Laura Wayteck


Laura Wayteck
Laboratory for General Biochemistry and Physical Pharmacy
Ghent University
Harelbekestraat 72
9000 Gent
Tel: 0032 9 264 8047 (secretary)
Tel: 0032 9 264 8360(direct)
Fax: 0032 9 264 8189



Master in Drug Development at the Faculty of Pharmaceutical Sciences, Ghent University
(Master thesis entitled: Effect of endocytosis inhibitors on transfection mediated by polyplexes and lipoplexes carrying mRNA)


Completed the courses Laboratory Animal Sciences I & II (by Prof. Katleen Hermans, Ghent University), Applied Flow Cytometry Course (joint organization by UA, UGent and VUB).


Doctoral fellow of the Institute for the Promotion of Innovation through Science and Technology in Flanders, Belgium (IWT-Vlaanderen)

Research interests

Cell-mediated delivery, Cancer immunology, T lymphocytes, Nanoparticle targeting, Adoptive T cell therapy

Summary of Research Project(s)

The research of Laura focuses on the cell-mediated delivery of drug-loaded nanoparticles to the tumor site.

Nanoparticles have been widely investigated for the delivery of anti-cancer drugs to the tumor. The encapsulation of chemotherapeutic drugs in nanoparticles enables maximizing the dose that can be delivered, while reducing the side effects and prolonging circulation times. Unfortunately, one of the key challenges remains targeting of the intravenously transferred nanoparticles to the tumor tissue. Several targeting strategies based on the enhanced permeation and retention (EPR) effect and the incorporation of specific ligands in the nanoparticle composition resulted in limited success.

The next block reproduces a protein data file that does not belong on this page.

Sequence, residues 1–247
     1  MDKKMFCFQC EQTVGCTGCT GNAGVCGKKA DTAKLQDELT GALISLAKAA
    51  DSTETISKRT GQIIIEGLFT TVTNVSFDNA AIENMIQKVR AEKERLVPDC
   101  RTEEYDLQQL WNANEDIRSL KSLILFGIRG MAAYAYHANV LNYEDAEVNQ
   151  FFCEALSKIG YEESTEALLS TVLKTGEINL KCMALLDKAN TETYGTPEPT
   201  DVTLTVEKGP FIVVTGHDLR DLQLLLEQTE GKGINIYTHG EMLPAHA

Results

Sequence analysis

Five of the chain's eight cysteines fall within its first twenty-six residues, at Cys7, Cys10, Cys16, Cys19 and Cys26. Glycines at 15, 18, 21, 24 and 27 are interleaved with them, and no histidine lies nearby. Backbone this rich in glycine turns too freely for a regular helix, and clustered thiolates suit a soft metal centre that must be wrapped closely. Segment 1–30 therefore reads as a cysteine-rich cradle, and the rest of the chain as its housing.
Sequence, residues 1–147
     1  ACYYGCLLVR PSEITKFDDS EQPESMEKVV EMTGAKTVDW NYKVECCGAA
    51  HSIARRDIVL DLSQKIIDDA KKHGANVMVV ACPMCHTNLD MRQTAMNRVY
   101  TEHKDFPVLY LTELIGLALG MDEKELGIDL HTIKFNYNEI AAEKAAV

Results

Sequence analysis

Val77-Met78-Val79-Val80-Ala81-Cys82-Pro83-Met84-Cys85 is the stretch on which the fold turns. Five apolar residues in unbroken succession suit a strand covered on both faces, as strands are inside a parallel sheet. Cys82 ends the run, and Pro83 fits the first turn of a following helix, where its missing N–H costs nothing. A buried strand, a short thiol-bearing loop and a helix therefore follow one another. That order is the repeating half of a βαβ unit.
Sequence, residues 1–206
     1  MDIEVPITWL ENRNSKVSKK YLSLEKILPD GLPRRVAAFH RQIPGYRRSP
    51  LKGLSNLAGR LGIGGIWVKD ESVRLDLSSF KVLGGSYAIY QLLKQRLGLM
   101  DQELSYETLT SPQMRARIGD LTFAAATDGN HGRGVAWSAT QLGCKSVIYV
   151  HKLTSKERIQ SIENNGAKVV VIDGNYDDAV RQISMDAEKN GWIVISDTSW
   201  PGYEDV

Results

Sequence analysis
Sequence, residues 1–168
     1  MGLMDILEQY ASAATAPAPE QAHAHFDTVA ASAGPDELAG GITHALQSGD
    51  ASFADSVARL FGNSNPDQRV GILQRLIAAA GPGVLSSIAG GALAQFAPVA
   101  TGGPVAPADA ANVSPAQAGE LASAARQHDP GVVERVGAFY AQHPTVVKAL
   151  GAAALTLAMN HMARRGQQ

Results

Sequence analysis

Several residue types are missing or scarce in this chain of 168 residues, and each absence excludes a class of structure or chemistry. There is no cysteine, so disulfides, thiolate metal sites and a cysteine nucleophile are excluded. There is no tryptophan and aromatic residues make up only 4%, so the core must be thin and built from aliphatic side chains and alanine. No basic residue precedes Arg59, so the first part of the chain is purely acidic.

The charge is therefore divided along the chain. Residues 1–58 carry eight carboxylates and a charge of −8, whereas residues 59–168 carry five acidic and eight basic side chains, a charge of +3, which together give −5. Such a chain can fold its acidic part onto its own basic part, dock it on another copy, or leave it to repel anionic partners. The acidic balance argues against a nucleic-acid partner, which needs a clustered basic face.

One possible strategy to overcome these targeting limitations and also the rapid clearance of the nanoparticles from the blood stream is cell-mediated delivery. This targeting strategy is based on the attachment of nanoparticles to cells that have tumoritropic migratory properties such as cytotoxic T lymphocytes. The objective of this project is to create a method for decorating the surface of cytotoxic CD8+ T lymphocytes with drug-loaded nanoparticles, and investigate whether they can be released again via an endogenous or exogenous trigger to transfect tumor cells. Subsequently, a synergistic tumor killing effect is anticipated, consisting of a cytotoxic response of the adoptively transferred T cells and the targeted delivery of anti-cancer drugs.